The New Zealand Herald

Player rotation the problem: van Dyk

- Christophe­r Reive

The Silver Ferns are in a rut but player pride isn’t the problem.

After Sunday’s loss to Malawi, New Zealand suffered their worstever defeat against England at the Commonweal­th Games yesterday.

The Silver Ferns have been beaten in 10 of their 16 internatio­nals since October, losing to Australia (five times), England (twice), Jamaica (twice) and Malawi. The defeats against Jamaica and Malawi were of particular concern to fans, with player pride coming into question.

However, former Silver Ferns star shooter Irene van Dyk laid that notion to rest, suggesting player rotation was the area of concern.

“It’s not a lack of pride. Our girls do not go out there to lose,” the twotime Commonweal­th Games gold medallist said. “I don’t think at this point in time, the right players play the whole game in the right positions.

“It always takes a few minutes to settle into a game. I think if we just keep the players on for a little longer, it gives them time to settle in, start humming and build connection­s to make things work . . . it will come.”

The defeats against Malawi and England at the Commonweal­th Games were similar, with both teams pulling away in the second half.

Down two points to England at halftime yesterday, goal shoot Bailey Mes and goal attack Maria Folau swapped positions, while wing defence Samantha Sinclair moved to centre in place of Shannon Francois, who shifted to wing attack.

The Silver Ferns were outscored by four goals in the third quarter and England went on to close out a ninegoal win. It was a similar case against Malawi. The Silver Ferns made a host of changes when leading at halftime, only to be outscored 32-21 in the second half.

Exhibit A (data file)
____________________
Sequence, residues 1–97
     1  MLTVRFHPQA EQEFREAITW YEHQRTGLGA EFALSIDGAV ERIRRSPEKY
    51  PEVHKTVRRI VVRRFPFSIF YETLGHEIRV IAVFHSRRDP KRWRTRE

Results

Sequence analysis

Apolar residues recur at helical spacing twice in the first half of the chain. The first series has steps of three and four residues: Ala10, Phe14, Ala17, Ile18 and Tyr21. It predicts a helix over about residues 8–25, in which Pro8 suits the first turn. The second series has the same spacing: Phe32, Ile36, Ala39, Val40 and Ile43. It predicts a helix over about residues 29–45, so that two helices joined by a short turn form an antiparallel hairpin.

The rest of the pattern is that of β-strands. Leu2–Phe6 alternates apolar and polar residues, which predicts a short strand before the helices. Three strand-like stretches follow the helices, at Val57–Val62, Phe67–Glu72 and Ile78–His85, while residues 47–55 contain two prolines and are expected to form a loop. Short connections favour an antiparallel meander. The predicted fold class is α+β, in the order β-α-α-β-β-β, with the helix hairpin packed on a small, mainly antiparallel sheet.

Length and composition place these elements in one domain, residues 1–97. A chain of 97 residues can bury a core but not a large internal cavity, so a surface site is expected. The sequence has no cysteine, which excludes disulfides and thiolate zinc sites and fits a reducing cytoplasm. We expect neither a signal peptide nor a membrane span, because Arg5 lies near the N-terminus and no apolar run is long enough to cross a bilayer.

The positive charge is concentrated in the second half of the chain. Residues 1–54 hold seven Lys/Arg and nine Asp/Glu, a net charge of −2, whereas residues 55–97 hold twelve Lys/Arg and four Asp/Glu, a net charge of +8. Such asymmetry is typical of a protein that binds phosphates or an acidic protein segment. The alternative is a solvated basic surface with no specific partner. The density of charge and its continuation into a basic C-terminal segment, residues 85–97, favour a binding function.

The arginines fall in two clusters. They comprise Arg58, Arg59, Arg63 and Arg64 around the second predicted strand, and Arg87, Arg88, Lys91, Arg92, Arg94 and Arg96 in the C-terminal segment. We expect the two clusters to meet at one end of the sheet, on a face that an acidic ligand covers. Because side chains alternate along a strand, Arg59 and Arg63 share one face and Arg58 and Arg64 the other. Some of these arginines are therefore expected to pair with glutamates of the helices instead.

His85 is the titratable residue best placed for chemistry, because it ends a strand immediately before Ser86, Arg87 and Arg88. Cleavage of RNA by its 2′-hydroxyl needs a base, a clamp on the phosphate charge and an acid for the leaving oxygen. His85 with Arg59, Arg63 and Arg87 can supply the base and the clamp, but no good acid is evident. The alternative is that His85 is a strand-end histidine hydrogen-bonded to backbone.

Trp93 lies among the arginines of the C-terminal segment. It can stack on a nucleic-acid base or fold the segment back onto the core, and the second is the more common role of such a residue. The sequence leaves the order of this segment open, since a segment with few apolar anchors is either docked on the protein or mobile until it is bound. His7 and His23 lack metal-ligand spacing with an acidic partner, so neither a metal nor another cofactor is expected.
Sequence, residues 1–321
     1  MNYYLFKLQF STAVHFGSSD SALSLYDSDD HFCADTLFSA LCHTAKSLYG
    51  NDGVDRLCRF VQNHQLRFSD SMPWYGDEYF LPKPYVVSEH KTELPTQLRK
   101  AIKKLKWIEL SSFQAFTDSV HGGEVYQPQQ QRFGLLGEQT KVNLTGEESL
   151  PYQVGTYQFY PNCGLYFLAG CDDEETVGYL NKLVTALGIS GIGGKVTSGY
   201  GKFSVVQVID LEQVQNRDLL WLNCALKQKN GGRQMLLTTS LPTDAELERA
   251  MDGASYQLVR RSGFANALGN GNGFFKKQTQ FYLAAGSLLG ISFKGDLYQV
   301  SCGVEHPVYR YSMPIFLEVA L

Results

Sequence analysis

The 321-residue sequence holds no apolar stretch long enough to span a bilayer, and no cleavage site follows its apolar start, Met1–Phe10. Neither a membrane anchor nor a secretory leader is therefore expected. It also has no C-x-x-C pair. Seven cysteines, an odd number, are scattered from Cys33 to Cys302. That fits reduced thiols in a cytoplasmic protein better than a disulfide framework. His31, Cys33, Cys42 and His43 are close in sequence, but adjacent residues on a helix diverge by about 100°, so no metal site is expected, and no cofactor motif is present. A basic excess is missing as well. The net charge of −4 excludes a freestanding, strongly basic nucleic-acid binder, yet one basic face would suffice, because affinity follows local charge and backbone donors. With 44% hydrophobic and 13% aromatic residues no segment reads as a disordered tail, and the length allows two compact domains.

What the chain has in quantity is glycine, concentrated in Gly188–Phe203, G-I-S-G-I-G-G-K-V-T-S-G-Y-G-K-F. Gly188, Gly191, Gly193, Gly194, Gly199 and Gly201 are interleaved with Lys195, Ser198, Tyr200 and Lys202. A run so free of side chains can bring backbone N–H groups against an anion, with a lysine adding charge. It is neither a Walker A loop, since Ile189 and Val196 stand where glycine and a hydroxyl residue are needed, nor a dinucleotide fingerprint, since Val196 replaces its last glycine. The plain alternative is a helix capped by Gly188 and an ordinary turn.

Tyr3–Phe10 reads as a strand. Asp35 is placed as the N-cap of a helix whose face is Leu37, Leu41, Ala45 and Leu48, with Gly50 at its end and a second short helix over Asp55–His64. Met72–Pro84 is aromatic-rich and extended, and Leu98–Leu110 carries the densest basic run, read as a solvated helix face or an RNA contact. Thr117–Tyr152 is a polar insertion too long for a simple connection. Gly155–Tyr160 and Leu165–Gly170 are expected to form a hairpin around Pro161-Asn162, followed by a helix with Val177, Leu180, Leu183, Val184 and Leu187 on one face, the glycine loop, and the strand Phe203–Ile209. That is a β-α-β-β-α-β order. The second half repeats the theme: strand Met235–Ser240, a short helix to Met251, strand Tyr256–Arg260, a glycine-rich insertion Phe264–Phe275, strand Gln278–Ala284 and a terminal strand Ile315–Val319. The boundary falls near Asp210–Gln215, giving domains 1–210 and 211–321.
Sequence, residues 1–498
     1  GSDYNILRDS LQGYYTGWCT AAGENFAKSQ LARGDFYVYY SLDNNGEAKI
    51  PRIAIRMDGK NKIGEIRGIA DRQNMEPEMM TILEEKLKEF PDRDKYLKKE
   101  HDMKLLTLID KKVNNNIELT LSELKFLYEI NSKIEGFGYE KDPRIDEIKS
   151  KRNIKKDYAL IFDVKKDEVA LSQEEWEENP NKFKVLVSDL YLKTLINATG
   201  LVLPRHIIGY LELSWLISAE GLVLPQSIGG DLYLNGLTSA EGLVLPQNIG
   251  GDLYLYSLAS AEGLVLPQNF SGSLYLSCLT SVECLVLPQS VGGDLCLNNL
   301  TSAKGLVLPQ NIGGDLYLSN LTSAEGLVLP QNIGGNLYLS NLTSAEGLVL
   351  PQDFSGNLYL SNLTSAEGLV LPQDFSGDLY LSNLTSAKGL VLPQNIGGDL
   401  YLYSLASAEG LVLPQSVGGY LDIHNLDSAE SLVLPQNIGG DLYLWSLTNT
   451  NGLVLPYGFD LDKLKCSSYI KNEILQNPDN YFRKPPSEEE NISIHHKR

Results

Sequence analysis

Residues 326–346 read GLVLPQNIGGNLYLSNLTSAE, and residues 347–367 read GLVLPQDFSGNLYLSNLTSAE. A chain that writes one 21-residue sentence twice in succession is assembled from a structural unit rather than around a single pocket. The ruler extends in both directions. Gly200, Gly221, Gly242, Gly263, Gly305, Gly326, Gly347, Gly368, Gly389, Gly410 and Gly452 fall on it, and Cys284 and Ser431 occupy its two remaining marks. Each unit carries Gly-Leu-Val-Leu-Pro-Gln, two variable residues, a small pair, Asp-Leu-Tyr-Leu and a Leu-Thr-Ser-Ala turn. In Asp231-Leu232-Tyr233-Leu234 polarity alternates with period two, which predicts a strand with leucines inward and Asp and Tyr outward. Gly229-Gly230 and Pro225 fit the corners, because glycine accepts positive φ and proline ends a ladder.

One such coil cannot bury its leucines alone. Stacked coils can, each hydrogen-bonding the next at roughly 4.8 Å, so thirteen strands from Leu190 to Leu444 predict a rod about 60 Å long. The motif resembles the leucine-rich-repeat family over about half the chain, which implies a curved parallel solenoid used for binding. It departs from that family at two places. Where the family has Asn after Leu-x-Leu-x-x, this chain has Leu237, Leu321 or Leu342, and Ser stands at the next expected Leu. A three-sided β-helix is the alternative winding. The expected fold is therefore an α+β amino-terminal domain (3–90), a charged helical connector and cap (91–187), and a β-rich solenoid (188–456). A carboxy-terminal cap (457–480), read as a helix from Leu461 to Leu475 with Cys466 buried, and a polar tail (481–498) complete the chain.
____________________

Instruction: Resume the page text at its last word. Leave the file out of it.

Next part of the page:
“The opposition, they analyse our players . . . so as soon as there are changes, they just get to that point where they know if they can score two or three goals, then they have the upper hand, and that’s exactly what the opposition did to us,” van Dyk said. “I still think we have the players. If we keep the right players in the right positions, I think we are world beaters. Honestly, I do think we have the players to make it.”

Since Janine Southby took over as coach in 2016, the Ferns have shown they can be capable of matching it with the best. Since the start of 2016, they have a 20-17 record, with two wins against Australia.

However, with a string of poor recent results, Southby’s future was being questioned. Van Dyk sympathise­d with Southby, and said hers was one of the “loneliest jobs”.

“I don’t know if Janine has a lot of support at the moment; I don’t think she has,” van Dyk said. “The New Zealand public are very brutal when coaches do not perform and, because we’ve set the standard so high in previous years, a little slump like this is going to be detrimenta­l.

“There’s no hiding away from it — it is going to be harsh, it is going to be brutal, but I want to know what support systems have been put around Janine to help her.”

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